During our inteview, Mr.Kell expressed his unfavourable attitude towards unfair trading practices, but he mentioned that if payments are necessary to facilitate market entry, it can be done. However, The Bribery Act will make things more complicated and put UK companies, including Pufferfish, at a disadvantage, especially in emerging markets such as Russia, where bribery is a custom. It is important that the company considers that in its market entry decisions.


Moscow, being the capital of Russia, is one of most promising markets for Pufferfish Limited. Moscow is the largest city in Russia, accounting for 7.34% of the total population of Russia (The World Bank, 2009).

The advantages and disadvantages of  targeting Moscow are as follows.


Moscow is the major business centre, with a well-structured distribution channel which will provide Pufferfish with an opportunity to reach out to its clients without much difficulty;

The presence of large shopping malls and big box stores in Moscow will allow Pufferfish to reach out to a larger audience.

The large hypermarkets present in Moscow contribute to the sale of 50 percent of consumer electronics that are advertised in Russia (US Commercial Service, 2010).

As seen in the figure below, 51.60% of the total foreign investments is mainly from Moscow during the period January-September 2009.Due to the high intensity of consumers purchasing power and the large  presence of company headquarters,the region continues to attract a large amount of investments(US Commercial Service, 2010).


Table 4: Foreign investment – top regions

Source: US Commercial Service, 2010


Registering a company in Moscow is very expensive. Though Moscow represents the most populated city in 2009,  the major problem faced by companies wanting to set up their business in Moscow is that it requires 9 procedures and costs 2.7% of the total GNP per capita to complete all business procedures (The World Bank, 2009).

The major problem of conducting business in Moscow is that it is has become increasingly challenging to find qualified local partners and Russian employees. In addition to this, the salaries of local employees have risen significantly in Moscow (UK Trade and Investment, 2009).

Nevertheless, the positive side to this is that the digital signage market is Moscow is booming. According to the Association of Communication Agencies in Russia, in the first half of the year 2008, Russia witnessed a significant growth of 13% in outdoor advertising, largely due to the increase in the digital signage market (Rushworth, 2008). Statistics from Integrated Systems Russia, an exhibition held in Moscow in 2009, shows that Moscow witnessed 66% of the total visitors, followed by 12% in the Moscow region and 4% in St. Petersburg (Integrated Systems Russia, 2009a).The figure below represents the ranking of visitor activity from different regions in Russia.https://lh3.googleusercontent.com/7vfeTRpsRebFYxlzz95uB26cpCYa1G2PXHmi-sa_vof1n61Uy6hz71_gm3APoivUDKRs32MMjpefgnM2aDbM08yvKoPYEK5d3XvoApCOE21xVot1Opg

Figure 6: Ranking of visitor activity from different regions in Russia

Source: Integrated Systems Russia, 2009a

Digital Education that took place in Moscow in 2009 was targeted at Moscow and Federal government officials responsible for education, which signifies the potential for the latest audio-video equipment (Integrated Systems Russia, 2009b).This clearly indicates the market potential for the Puffersphere products in the Moscow digital signage market.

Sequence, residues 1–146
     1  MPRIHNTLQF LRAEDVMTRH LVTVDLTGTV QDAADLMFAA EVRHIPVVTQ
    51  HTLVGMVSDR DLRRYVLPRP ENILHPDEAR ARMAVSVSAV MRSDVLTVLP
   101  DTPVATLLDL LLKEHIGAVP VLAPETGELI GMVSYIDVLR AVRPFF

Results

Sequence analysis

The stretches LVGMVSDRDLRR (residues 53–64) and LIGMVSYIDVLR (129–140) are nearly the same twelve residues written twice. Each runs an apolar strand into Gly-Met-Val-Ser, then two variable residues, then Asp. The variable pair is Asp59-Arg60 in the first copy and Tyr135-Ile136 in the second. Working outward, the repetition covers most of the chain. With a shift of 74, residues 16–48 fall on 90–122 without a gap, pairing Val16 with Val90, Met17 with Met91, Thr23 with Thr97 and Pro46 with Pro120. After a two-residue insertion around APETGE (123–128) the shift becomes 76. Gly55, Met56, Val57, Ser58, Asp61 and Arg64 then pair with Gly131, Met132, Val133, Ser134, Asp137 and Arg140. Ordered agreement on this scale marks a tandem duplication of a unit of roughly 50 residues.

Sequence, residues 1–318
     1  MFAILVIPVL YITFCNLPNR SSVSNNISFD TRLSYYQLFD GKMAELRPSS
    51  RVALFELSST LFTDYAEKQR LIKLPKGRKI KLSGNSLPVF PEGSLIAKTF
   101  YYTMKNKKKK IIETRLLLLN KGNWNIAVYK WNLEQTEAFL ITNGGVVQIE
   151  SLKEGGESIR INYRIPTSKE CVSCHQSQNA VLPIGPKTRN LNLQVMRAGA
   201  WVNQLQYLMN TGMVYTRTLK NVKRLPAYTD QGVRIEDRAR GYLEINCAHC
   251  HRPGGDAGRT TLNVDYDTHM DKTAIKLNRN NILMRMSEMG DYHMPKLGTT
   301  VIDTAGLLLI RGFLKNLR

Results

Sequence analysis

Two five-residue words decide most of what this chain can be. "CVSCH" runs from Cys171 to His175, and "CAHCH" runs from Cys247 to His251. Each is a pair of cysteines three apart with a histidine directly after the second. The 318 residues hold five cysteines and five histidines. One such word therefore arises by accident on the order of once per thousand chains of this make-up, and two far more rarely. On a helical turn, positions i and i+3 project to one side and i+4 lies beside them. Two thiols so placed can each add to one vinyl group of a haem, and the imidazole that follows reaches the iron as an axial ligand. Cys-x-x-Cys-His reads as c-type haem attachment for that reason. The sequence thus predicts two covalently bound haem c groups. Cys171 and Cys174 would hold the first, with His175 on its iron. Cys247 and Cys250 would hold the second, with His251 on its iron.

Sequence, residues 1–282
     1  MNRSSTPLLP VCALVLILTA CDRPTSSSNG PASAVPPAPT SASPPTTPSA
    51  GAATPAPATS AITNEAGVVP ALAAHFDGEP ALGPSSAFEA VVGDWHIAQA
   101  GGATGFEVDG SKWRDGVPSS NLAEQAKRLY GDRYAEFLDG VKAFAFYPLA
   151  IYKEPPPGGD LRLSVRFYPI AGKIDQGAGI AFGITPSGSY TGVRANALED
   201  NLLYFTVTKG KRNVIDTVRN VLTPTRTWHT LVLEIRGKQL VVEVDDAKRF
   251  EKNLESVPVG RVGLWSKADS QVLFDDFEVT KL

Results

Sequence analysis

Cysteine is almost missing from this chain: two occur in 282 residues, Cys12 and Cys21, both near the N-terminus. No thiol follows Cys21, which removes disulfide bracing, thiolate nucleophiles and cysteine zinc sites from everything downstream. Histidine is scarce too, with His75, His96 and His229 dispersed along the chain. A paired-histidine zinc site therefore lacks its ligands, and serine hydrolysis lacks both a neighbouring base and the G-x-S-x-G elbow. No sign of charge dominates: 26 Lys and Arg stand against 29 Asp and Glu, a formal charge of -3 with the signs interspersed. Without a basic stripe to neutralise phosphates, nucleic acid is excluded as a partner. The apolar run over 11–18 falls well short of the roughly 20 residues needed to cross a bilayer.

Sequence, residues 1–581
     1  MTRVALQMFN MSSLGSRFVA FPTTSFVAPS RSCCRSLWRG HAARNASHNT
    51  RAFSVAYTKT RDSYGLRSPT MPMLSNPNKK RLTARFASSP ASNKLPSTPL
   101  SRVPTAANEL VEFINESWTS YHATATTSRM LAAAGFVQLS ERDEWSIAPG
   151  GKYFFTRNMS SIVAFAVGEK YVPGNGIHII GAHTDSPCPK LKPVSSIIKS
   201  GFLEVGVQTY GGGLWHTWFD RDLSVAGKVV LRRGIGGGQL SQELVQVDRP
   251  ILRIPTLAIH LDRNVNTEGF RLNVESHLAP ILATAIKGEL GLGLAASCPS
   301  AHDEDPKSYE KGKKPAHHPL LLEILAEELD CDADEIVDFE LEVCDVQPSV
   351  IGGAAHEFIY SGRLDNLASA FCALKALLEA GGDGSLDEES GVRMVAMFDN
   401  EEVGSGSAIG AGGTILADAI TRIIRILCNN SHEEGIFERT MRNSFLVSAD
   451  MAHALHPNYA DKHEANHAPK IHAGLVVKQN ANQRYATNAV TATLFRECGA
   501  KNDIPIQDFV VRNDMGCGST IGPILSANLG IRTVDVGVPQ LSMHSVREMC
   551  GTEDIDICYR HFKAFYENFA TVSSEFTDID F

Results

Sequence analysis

In the Russian advertising market television, radio, print and billboard media are widespread. The domestic and international advertising agencies are effective in Russia. The boom in the advertising industry in the country is a result of strong economic growth and increasing incomes. Companies that were affected by the economic crisis have recovered and started investing in mass media for advertising. Although the traditional methods of advertising still do exist in Russia, advertising agencies have refined their communication methods to meet the needs of the modern firm and are progressing quite well (US Commercial Service, 2010).The shopping malls, airports and advertising agencies present in Russia appear quite promising for the Puffersphere XXL and M models.

Pufferspheres definitely have a great potential in the Russian market. Moscow and St. Petersburg have plenty of shopping malls and big box stores where Pufferspheres M and XXL can be used for advertising products (US Commercial Service, 2010). Afimall shopping centre is located in the core of Moscow city and is by far the largest shopping mall in Russia. Puffersphere XXL can be used for displays and indoor advertising in this mall  (AFI Development, 2008).

Airports are another segment that Pufferfish can consider. Moscow has three major airportsб namely Sheremetyevo, Domodedovo and Vnukovo. St. Petersburg’s airport comprises of two terminals: Pulkovo-1 (domestic flights) and Pulkovo-2 (international flights).Puffersphere XXL can be used in these airports to display flight information, advertising and to display television channels (US Commercial Service, 2010).

Other advertising agencies that can be interested in buying Pufferspheres are Starcom, Mindshare and Mediacom. The aforementioned media agencies can use the spheres for advertising (Mind Advertising Limited, 2011).

The major concern for the company can be the cost of the product. Nevertheless the advertising agencies, airports and malls operate on a large scale, making the Puffersphere prices affordable for them.


In the past, Pufferfish Displays limited has taken part in exhibition centres and trade shows all over the world which has enabled the company to generate awareness about their product and build new contacts (Geoff, 2011).